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Actin-Binding Surface on Vinculin Mediates Mechanical Aspects of Cell Movement

By BiotechDaily International staff writers
Posted on 07 May 2014
Image: Proteins actin and vinculin bind together at a site identified by researchers at the University of North Carolina. The interaction of these proteins plays an important role in cell movement (Photo courtesy of the University of North Carolina).
Image: Proteins actin and vinculin bind together at a site identified by researchers at the University of North Carolina. The interaction of these proteins plays an important role in cell movement (Photo courtesy of the University of North Carolina).
A team of cell biologists has obtained data that shows how two proteins, vinculin and actin, function in concert to regulate cell morphology, motility, and mechanotransduction (the conversion of mechanical signals into electrical or chemical signals) and play a critical role in metastasis.

Vinculin is a cytoskeletal scaffold protein essential for embryogenesis and cardiovascular function. It localizes to focal adhesions and adherens junctions, where it connects cell surface receptors to the actin cytoskeleton. While vinculin interacts with many adhesion proteins, its interaction with filamentous actin regulates cell morphology, motility, and mechanotransduction.

Investigators at the University of North Carolina (Chapel Hill, USA) used negative-stain electron microscopy, discrete molecular dynamics techniques, and mutagenesis to develop a new model to explain the interaction between vinculin and actin. A major breakthrough in this effort was the development of mutated versions of vinculin that disrupted the actin/vinculin interaction in specific and traceable fashion.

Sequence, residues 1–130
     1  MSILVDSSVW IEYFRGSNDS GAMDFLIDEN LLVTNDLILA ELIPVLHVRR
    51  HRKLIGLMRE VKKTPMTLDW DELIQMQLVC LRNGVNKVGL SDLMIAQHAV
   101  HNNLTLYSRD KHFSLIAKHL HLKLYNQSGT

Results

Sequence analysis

Results published in the April 2014 online edition of the journal Structure revealed that actin-binding deficient vinculin variants expressed in vinculin knockout fibroblasts failed to correct cell-spreading defects and reduced cellular response to external force. These findings highlighted the importance of this actin-binding surface and provided the molecular basis for elucidating additional roles of this interaction, including actin-induced conformational changes that promoted actin bundling.

“Our data suggest that there is a face on the vinculin tail that has been ignored by the previous model, and that it is very important,” said first author Peter Thompson, a graduate researcher at the University of North Carolina. “In your cardiovascular system – your heart and arteries – the cells that form these organs need to stick together tightly. They do these in part by forming cell-to-cell adherens junctions. Vinculin creates a critical physical link between the actin cytoskeleton and these junctions. If you disrupt that, the hypothesis is that cells no longer respond appropriately to force and the organ suffers.”

“Our data supported a unique surface that was important for actin binding,” said senior author Dr. Sharon Campbell, professor of biochemistry and biophysics at the University of North Carolina. “Identification of this actin binding surface on vinculin has enabled us to dissect how this critical interaction controls how cells respond to force and move. This in turn, will help us better understand how dysregulation leads to disease.”

Related Links:
University of North Carolina



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